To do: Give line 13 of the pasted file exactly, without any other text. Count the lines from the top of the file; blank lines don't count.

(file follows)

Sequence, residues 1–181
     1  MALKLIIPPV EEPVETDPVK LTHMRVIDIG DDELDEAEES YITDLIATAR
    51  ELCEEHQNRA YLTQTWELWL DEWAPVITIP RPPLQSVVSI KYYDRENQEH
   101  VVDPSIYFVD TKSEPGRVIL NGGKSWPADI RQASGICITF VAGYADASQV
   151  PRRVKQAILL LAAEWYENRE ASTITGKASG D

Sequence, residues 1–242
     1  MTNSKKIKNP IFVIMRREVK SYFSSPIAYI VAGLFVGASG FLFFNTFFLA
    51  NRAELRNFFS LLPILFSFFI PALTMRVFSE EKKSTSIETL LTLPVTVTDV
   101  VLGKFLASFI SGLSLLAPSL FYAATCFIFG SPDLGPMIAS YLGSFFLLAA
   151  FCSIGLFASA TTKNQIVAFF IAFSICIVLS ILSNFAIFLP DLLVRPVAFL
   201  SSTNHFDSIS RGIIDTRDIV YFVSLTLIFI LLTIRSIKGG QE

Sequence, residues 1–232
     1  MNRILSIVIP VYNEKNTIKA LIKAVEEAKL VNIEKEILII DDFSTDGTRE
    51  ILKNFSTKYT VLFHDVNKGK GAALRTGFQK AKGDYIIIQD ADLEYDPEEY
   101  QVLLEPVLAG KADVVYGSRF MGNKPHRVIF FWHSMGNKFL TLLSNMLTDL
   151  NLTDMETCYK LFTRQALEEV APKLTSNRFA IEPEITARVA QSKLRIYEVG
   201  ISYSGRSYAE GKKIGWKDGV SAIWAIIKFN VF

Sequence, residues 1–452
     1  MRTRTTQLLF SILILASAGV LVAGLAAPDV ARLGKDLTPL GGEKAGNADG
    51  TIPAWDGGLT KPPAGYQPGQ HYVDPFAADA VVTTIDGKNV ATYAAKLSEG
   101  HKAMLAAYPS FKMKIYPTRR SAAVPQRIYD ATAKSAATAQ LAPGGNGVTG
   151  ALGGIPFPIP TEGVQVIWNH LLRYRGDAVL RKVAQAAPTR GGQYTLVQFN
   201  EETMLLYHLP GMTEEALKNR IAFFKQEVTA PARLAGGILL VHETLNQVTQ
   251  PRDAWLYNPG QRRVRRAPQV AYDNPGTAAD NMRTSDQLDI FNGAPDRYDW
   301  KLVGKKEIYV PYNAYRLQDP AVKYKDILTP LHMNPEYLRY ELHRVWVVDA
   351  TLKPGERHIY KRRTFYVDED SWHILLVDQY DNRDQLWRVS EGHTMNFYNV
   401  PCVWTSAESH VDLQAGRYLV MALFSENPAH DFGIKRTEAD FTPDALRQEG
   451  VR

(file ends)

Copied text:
     1  MNRILSIVIP VYNEKNTIKA LIKAVEEAKL VNIEKEILII DDFSTDGTRE